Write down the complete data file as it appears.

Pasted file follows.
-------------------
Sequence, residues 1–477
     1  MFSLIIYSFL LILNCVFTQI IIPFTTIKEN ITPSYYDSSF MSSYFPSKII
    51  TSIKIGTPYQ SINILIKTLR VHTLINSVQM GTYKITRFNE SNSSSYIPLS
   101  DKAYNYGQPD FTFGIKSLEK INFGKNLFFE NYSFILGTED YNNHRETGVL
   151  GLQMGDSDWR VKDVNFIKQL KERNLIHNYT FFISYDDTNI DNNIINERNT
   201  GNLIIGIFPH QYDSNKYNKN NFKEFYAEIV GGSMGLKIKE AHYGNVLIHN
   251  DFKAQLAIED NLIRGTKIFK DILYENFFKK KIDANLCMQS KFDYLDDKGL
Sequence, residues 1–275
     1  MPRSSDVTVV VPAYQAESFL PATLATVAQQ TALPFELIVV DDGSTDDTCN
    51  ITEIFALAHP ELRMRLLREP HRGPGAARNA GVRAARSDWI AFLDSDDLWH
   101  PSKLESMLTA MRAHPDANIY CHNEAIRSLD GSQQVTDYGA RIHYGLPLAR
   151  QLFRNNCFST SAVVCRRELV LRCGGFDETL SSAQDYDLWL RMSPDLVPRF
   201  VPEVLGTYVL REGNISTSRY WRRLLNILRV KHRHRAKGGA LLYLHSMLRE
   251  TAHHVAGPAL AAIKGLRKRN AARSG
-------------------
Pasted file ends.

Sequence, residues 1–477
     1  MFSLIIYSFL LILNCVFTQI IIPFTTIKEN ITPSYYDSSF MSSYFPSKII
    51  TSIKIGTPYQ SINILIKTLR VHTLINSVQM GTYKITRFNE SNSSSYIPLS
   101  DKAYNYGQPD FTFGIKSLEK INFGKNLFFE NYSFILGTED YNNHRETGVL
   151  GLQMGDSDWR VKDVNFIKQL KERNLIHNYT FFISYDDTNI DNNIINERNT
   201  GNLIIGIFPH QYDSNKYNKN NFKEFYAEIV GGSMGLKIKE AHYGNVLIHN
   251  DFKAQLAIED NLIRGTKIFK DILYENFFKK KIDANLCMQS KFDYLDDKGL
Sequence, residues 1–275
     1  MPRSSDVTVV VPAYQAESFL PATLATVAQQ TALPFELIVV DDGSTDDTCN
    51  ITEIFALAHP ELRMRLLREP HRGPGAARNA GVRAARSDWI AFLDSDDLWH
   101  PSKLESMLTA MRAHPDANIY CHNEAIRSLD GSQQVTDYGA RIHYGLPLAR
   151  QLFRNNCFST SAVVCRRELV LRCGGFDETL SSAQDYDLWL RMSPDLVPRF
   201  VPEVLGTYVL REGNISTSRY WRRLLNILRV KHRHRAKGGA LLYLHSMLRE
   251  TAHHVAGPAL AAIKGLRKRN AARSG